What is Zero Trust?

Zero Trust is a security concept centered on the belief that organizations should not automatically trust anything inside or outside their perimeters and instead must verify anything and everything trying to connect to its systems before granting access. The strategy around Zero Trust dictates that only authenticated and authorized users and devices can access applications and data. This approach also entails continuous monitoring and validation to ensure that security is maintained throughout the session.

Here are some of the key principles of Zero Trust:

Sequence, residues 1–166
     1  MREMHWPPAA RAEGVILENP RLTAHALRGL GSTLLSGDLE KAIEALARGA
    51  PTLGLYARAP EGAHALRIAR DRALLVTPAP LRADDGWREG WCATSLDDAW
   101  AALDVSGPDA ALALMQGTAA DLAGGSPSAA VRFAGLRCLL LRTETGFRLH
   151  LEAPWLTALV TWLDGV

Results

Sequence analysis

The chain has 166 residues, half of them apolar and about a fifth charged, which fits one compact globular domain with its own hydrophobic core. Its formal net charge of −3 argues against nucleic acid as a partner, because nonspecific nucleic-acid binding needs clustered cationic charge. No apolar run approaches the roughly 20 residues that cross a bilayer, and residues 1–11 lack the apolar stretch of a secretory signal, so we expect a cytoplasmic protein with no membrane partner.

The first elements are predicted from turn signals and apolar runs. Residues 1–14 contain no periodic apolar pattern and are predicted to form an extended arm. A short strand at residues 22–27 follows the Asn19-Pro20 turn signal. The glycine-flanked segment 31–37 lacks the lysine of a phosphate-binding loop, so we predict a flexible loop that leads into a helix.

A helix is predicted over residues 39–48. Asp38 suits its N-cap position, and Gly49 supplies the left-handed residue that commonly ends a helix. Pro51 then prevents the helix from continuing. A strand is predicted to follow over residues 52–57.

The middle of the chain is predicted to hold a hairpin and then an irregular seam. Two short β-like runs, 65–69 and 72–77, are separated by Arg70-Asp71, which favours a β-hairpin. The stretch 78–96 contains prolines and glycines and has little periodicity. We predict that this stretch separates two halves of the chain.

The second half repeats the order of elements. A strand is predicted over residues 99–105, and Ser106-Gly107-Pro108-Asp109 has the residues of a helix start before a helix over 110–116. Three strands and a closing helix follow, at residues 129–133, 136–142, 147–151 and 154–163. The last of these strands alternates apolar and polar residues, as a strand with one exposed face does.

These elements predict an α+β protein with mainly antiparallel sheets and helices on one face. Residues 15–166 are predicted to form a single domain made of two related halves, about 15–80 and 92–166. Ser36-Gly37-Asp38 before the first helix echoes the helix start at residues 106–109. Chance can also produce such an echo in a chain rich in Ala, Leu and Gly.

1. Never Trust, Always Verify: Do not trust any entity by default, even if they are within the network perimeter.
  2. Least Privilege Access: Give users only the access they need to accomplish their tasks and nothing more.
  3. Microsegmentation: Divide networks into small, secure zones to maintain separate access for separate parts of the network.
  4. Multi-factor Authentication (MFA): Implement multiple layers of authentication to increase security barriers to unauthorized access.
  5. Continuous Monitoring: Continuously monitor the network and the environment for malicious activity or anomalies.
  6. Explicit Verification: Use rigorous identity and security verification for every user and device for every session.

The Zero Trust model acknowledges that trust is a vulnerability. Once on the network, users—including threat actors and malicious insiders—are free to move laterally and access or exfiltrate whatever data they are not limited to. Zero Trust teaches us to "trust no one" and "verify everything" to reduce risk and improve security posture.